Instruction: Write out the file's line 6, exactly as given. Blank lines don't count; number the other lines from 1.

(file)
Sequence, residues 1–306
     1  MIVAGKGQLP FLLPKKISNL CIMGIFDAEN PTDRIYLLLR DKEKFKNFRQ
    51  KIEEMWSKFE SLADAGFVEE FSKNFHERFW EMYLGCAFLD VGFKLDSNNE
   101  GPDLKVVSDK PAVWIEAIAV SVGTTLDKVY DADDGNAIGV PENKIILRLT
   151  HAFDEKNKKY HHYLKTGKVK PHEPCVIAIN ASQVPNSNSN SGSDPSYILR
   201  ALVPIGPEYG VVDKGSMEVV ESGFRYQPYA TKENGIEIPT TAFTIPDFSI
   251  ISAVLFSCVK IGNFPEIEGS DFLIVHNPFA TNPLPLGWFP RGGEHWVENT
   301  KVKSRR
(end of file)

   201  ALVPIGPEYG VVDKGSMEVV ESGFRYQPYA TKENGIEIPT TAFTIPDFSI